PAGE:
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Plan fires to support disengagement of forces and the deception plan (if part of the concept of operations). Consider smoke and suppressive fires. Priority of positioning will usually be given to the stationary force. The FSE of the stationary force sends a liaison to the FSE of the passing force. Ensure counterfire is planned and controlled by the stationary force. AIRBORNE OPERATIONS 2-109. An airborne operation is a joint operation involving the air movement of ground force into an objective area. 2-110. The FSO should consider the following: Conduct or fire support coordination distinguishes the initial assault phase from subsequent phases. During the assault phase, C2 is conducted from an airborne platform. Fire support planning and coordination functions are transferred to the ground forces when the assaulting force commander and FSO are on the ground and operational. At first, the assaulting force FSO is more concerned with close-in targets, while the airborne FSE focuses on deeper targets. Fire planning for the ground tactical plan should consider EFSTs that support the concept of operations and those that support defending the airhead. FSE personnel should be cross-loaded in the landing plan so that loss of an aircraft does not completely disrupt fire support provided to the assaulting force. The FSO should review SEAD requirements in support of the air movement plan. Initial targeting intelligence is likely to come from national assets. Information links to the FSE must be thoroughly reviewed and understood by the targeting team. AIR ASSAULT OPERATIONS 2-111. In air assault operations, assault forces (which provide combat, combat support, and combat service support) using the firepower, mobility, and total integration of helicopter assets maneuver on the battlefield under the control of the ground tactical commander. Their goal is to engage and destroy enemy forces or to seize and hold key terrain. 2-112. The FSO should consider the following when planning fire support for an air assault operation: Fire support should be synchronized with the ground tactical plan, landing plan, and air movement plan. Ammunition resupply procedures must be carefully integrated into the operation due to limited haul capability. Will the landing zones be prepared with preplanned fires? Is lethal SEAD required? Will false landing zones be utilized? If so, are false preparations desired? Where are the flight routes in relation to planned targets and delivery assets? Determine flight times, checkpoints, and code words.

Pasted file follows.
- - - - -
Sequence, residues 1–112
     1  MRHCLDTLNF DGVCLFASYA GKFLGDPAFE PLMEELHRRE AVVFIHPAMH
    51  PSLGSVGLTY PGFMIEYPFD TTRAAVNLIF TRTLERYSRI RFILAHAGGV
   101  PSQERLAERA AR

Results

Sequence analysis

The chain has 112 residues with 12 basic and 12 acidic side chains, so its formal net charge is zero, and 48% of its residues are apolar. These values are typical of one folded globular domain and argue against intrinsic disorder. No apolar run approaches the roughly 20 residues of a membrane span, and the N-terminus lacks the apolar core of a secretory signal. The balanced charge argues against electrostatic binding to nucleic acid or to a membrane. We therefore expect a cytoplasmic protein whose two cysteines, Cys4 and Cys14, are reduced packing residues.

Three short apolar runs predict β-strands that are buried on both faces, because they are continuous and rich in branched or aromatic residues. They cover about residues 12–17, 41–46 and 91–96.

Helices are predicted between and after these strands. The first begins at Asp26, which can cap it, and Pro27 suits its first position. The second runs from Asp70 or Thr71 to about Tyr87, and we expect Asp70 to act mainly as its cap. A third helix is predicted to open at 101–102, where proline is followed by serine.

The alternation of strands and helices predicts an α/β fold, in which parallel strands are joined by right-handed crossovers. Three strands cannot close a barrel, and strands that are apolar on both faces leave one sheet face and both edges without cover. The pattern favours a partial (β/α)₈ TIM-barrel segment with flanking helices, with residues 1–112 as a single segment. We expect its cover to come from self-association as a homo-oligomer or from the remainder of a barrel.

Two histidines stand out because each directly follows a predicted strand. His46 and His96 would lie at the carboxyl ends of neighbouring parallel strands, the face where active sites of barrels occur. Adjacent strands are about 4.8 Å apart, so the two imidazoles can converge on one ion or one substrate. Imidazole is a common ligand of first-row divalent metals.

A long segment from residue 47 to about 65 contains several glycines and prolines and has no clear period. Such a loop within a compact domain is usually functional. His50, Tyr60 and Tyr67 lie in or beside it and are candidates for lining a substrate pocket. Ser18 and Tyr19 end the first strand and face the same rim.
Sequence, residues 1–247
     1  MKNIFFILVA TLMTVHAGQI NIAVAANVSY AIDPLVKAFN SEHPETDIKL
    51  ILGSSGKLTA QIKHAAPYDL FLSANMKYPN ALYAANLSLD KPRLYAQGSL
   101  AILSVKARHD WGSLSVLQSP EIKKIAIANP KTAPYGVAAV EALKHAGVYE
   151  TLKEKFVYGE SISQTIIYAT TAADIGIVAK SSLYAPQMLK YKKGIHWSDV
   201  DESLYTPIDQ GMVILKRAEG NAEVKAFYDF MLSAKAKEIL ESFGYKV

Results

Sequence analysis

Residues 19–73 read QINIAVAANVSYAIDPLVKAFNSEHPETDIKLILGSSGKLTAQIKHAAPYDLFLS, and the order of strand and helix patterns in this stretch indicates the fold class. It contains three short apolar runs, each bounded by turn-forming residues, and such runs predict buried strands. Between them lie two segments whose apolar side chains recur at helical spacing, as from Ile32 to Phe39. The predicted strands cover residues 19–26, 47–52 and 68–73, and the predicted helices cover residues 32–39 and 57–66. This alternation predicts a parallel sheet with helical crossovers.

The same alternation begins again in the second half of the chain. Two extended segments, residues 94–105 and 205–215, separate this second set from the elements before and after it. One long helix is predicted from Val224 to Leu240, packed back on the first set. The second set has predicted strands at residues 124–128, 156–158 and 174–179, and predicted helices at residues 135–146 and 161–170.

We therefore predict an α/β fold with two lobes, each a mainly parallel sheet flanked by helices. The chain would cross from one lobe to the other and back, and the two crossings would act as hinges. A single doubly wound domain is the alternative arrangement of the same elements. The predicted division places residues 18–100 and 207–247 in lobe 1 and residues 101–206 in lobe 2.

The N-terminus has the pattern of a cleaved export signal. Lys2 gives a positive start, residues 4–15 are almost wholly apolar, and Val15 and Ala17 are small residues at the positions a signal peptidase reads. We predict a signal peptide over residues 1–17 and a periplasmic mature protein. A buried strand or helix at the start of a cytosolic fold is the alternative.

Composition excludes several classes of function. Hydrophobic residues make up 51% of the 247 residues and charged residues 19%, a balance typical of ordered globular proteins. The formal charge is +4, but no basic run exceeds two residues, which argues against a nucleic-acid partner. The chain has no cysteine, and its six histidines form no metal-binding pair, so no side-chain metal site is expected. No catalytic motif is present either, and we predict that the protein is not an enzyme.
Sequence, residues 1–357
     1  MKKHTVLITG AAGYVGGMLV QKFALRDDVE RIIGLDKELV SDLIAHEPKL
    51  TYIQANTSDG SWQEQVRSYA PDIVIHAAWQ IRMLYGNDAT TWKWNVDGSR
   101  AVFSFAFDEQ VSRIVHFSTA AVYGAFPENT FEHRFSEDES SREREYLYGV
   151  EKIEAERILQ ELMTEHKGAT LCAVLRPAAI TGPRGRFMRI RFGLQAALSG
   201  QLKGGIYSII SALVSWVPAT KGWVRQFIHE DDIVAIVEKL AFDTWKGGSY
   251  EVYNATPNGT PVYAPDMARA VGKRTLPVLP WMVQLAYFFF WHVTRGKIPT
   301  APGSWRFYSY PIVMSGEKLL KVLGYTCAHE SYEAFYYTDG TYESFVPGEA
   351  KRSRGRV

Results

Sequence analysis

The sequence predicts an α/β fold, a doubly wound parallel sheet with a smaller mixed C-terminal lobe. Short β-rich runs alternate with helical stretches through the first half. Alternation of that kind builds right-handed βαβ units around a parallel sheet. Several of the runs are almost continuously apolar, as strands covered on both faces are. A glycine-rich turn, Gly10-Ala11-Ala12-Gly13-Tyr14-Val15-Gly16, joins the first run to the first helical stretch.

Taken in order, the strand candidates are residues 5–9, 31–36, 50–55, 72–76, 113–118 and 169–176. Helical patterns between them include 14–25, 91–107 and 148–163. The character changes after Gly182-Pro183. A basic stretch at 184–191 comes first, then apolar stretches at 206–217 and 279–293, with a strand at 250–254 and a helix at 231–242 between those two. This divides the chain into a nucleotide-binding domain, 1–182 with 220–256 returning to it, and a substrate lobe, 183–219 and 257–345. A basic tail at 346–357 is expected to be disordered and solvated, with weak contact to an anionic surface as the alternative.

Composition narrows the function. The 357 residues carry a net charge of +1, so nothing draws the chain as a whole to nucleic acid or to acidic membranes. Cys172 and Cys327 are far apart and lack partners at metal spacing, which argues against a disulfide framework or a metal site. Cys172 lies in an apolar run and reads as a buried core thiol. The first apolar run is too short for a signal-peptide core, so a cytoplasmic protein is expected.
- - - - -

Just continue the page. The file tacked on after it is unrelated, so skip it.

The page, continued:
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How are air defense systems being targeted? How will they be destroyed or suppressed? For how long (if suppression is called for)? What are the abort criteria? What A2C2 measures will be required? Will additional detect/assess or deliver assets be required from higher headquarters? Input for air mission briefing. OBSTACLE BREACHING Introduction 2-113. Obstacle breaching is the employment of tactics and techniques to project combat power to the far side of an obstacle. Breaching is a synchronized combined-arms operation under the control of a maneuver commander. Fundamentals 2-114. Suppress, obscure, secure, reduce, and assault (SOSRA) are the breaching fundamentals applied to ensure success when breaching against a defending enemy. These fundamentals always apply but may vary based on METT-TC. 2-115. Suppress. Suppression is the focus of all available fires on enemy personnel, weapons, or equipment to prevent effective fires on friendly forces. Suppressive fires include the full range of systems from direct fires, indirect fires, electronic attack, and directed energy. The purpose of suppression is to protect forces reducing and maneuvering through the obstacle, to soften the initial foothold (assault force objective), and isolate the breaching site. 2-116. Obscure. Obscuration hampers enemy observation and TA and conceals friendly activities and movement. Obscuration smoke deployed on or near the enemy position minimizes the enemy's vision. Screening smoke employed in the breaching area or between the breaching area and the enemy conceals friendly movement and obstacle reduction activities. Obscuration should be employed to protect obstacle reduction, passage of assault forces, and deployment of forces in assault formations. 2-117. Secure. The force secures the breaching operation site to prevent the enemy from interfering with obstacle reduction and passage of the assault force through the lanes created during the reduction. In general, fires secure enemy tactical obstacles and protective obstacles are secured by force. If defenders control the breaching site and cannot be adequately suppressed, the force must secure the breaching site by occupation before it can reduce the obstacle. 2-118. Reduce. Reduction means creating lanes through or over the obstacle to allow the attacking force to pass. The number and width of lanes should be sufficient to allow the assaulting force to cross and accomplish the mission. The unit reducing the obstacle will mark and report obstacle and lane